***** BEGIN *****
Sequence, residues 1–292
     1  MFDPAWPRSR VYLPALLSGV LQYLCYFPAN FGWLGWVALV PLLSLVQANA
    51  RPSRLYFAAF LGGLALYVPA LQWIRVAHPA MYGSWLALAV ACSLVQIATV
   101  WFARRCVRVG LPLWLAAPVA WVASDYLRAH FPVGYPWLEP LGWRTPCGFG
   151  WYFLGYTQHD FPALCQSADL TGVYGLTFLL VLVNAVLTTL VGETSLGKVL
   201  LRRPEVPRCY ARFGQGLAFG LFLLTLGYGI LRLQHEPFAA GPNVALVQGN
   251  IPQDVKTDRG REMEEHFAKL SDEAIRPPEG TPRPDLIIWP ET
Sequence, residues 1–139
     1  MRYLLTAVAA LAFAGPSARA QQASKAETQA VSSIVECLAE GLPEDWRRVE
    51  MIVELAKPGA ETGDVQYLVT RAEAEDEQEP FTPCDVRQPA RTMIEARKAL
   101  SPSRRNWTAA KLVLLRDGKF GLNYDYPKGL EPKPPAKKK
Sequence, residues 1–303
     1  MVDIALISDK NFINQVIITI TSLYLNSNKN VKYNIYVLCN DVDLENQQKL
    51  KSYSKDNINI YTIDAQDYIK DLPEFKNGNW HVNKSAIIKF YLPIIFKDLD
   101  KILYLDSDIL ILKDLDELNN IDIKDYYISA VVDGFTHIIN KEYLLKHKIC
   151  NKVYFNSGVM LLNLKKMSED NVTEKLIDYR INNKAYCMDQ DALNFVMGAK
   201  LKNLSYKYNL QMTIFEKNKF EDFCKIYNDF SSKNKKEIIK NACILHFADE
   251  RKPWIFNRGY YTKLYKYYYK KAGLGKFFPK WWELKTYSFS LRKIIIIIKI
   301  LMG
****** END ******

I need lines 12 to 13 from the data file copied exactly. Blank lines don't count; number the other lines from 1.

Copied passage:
Sequence, residues 1–303
     1  MVDIALISDK NFINQVIITI TSLYLNSNKN VKYNIYVLCN DVDLENQQKL